Introductory sociology
Political sociology
Qualitative methods
Sociology of development
Social movements
Sociological theory


Edwards G, Gellert PK, Faruque O, Hochstetler K, McElwee PD, Kaswhan P, et al. 2023. “Climate Obstruction in the Global South: Future Research Trajectories.” PLOS Climate 2(7): e0000241.

Milani, Carlos R. S., Guy Edwards, Jonathan R. Walz, Kathryn Hochstetler, Omar Faruque, Prakash Kashwan, Pamela McElwee, Ruth E. McKie, Timmons Roberts. 2021. “Is Climate Obstruction Different in the Global South? Observations and a Preliminary Research Agenda.” Climate Social Science Network (CSSN) Position Paper, 2021:4.

Faruque, O. 2021. “Foreign Investment, Mining Conflict, and Contested Development in Bangladesh.” Canadian Journal of Development Studies 42(4):537-555.

Faruque, O. 2020. “Nationalist Imaginaries and Political Mobilization against Global Extractive Capital.” Critical Sociology 46(7-8):1251-1266.

Faruque, O. 2019a. “Articulation of Movement Demands and the Politics of Solidarity against Extractive Capital in Bangladesh.” Asian Journal of Social Science 47(2):224-254.

Faruque, O. 2019b. “Confronting Neoliberal Resource Policy: Mining Conflict and Coal Politics in Bangladesh.” Pp. 60-82 in Social Movements Contesting Natural Resource Development, edited by John F. Devlin, London: Routledge.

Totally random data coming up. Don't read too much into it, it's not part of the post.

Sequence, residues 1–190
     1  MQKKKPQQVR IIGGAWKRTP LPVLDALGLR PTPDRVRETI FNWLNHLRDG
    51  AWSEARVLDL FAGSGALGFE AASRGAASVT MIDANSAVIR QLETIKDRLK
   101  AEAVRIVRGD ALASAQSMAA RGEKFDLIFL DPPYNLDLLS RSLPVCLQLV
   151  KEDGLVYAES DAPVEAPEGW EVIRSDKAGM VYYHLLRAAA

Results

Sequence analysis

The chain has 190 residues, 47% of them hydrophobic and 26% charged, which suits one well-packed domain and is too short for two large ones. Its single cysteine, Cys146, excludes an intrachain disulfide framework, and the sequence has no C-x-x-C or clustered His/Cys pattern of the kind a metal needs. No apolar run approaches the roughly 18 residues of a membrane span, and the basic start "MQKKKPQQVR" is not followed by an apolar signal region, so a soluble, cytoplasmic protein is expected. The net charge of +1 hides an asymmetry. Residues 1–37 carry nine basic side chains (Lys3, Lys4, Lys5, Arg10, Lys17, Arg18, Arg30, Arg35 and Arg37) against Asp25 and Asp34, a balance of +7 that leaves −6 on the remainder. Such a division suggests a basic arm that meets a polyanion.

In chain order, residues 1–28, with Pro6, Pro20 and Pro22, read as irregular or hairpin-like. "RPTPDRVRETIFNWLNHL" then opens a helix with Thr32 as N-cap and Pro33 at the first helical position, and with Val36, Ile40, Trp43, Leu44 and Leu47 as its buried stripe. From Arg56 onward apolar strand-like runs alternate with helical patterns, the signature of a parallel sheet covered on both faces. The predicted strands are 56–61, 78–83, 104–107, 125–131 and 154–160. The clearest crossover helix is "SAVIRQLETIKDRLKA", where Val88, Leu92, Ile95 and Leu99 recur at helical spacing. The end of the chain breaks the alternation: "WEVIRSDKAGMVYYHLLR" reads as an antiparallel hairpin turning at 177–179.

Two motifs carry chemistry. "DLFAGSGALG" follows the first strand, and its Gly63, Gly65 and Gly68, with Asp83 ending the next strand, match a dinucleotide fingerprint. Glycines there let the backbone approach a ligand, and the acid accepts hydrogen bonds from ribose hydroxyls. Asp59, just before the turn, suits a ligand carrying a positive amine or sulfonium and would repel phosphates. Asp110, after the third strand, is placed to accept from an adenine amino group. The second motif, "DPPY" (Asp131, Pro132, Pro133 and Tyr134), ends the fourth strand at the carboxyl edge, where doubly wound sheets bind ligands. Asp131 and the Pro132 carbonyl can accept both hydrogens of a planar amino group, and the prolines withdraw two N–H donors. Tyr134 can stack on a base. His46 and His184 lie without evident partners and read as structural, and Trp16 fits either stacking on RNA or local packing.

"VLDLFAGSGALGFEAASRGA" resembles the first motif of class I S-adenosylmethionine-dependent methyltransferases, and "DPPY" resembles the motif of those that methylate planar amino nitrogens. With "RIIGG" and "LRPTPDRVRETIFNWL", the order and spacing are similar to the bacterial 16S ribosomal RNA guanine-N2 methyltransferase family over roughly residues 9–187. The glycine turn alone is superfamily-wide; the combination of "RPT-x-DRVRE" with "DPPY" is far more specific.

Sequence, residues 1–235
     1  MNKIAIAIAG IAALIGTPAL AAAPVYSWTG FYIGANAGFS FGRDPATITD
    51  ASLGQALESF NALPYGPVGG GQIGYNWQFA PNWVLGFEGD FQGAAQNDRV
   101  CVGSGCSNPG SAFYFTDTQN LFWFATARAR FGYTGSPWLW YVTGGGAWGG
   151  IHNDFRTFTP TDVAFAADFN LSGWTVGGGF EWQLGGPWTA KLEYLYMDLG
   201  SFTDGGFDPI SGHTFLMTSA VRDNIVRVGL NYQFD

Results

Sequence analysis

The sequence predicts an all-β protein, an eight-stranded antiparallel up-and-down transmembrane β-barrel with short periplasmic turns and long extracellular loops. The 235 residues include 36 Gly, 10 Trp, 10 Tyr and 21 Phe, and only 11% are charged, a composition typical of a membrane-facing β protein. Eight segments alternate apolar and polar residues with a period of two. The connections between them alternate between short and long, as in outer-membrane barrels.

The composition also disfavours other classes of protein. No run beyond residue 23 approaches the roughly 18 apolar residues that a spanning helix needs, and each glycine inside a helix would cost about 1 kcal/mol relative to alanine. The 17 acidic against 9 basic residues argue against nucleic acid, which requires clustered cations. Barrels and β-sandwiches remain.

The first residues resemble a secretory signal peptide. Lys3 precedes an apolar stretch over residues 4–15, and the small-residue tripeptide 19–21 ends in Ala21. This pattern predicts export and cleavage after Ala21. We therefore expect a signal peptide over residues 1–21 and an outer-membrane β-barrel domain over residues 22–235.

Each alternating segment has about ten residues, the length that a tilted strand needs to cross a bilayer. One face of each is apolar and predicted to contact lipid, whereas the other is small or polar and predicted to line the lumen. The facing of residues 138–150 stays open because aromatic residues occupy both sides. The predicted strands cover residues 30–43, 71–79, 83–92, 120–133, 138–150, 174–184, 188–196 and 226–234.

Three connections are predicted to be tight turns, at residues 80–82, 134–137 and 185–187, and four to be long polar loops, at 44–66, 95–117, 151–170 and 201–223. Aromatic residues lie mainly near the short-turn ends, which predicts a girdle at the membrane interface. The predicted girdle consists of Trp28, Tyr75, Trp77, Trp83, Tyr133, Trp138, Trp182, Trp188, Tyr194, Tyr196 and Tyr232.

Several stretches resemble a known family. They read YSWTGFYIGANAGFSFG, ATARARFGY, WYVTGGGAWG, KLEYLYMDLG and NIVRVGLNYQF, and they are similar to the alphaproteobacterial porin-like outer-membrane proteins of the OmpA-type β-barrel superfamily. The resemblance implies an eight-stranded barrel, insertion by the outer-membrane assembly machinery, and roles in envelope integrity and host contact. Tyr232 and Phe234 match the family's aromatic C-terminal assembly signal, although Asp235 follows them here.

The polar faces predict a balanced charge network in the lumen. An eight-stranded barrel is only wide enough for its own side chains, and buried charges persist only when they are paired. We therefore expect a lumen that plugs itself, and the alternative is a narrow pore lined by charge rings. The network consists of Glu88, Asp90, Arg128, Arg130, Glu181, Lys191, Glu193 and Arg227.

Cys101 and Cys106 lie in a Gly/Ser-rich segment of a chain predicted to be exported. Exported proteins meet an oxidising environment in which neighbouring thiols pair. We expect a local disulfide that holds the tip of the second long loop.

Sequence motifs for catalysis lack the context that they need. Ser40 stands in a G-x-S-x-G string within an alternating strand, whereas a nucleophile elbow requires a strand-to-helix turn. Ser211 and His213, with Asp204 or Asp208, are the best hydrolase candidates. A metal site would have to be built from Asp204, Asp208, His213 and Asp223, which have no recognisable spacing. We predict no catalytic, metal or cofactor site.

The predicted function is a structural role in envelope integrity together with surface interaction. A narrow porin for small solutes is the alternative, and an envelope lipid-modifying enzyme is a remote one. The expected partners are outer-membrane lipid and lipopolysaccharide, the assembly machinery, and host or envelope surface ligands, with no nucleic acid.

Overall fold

Faruque, O. 2018a. “Contested Resource Extraction, Anti-Corporate Protests and the Politics of Movement Alliance in Bangladesh.” Journal of Contemporary Asia 49(3): 410-433.

Faruque, O. 2018b. “Mineral Resource Development in Bangladesh: An analysis of the Conflict over the Phulbari Coal Project” (in Bangla). Bangladesh Unnayan Shamikkhaya (Bangladesh Development Studies) 35:123-154.

Faruque, O. 2017a. “The Politics of Extractive Industry Corporate Practices: Anatomy of a Company-Community Conflict in Bangladesh.” The Extractive Industries and Society 5(1):177-189.

Faruque, O. 2017b. “Mining and Subaltern Politics: Political Struggle against Neoliberal Development in Bangladesh.” Asian Journal of Political Science 26(1):65-86.

Faruque, O. 2016a. “The Phulbari Coalmine and Energy Politics in Bangladesh” (in Bangla). Sarbojonkotha: Journal of Politics, Economy and Society 2(4):49-57.

Faruque, O. 2016b. “Neoliberal Resource Governance and Counter-Hegemonic Social Movement in Bangladesh.” Social Movement Studies 16(2):254-259.

Conference presentations

2023a. “Climate Crisis and the Politics of Low Carbon Energy Future in Emerging Economies,” at the annual meeting of the American Sociological Association, Philadelphia, August 17-21.

2023b. “Climate Injustice and Energy Transition,” at the New Energy Summer Summit, Dartmouth College, Hanover, July 23-26.

2023c. “Climate Crisis, Energy Infrastructures, and Contested Technological Optimism,” at the Canadian Sociological Association Annual Conference, May 29-June 2.

2022a. “Social Movements and Policy Outcomes in an Authoritarian Regime,” at the Canadian Sociological Association Annual Conference (Virtual), May 16-20.

2022b. “Slow Violence, Environmental Governance, and Social Movement Outcomes in a Hybrid Regime,” at the British Sociological Association Annual Conference (Virtual), April 20-22.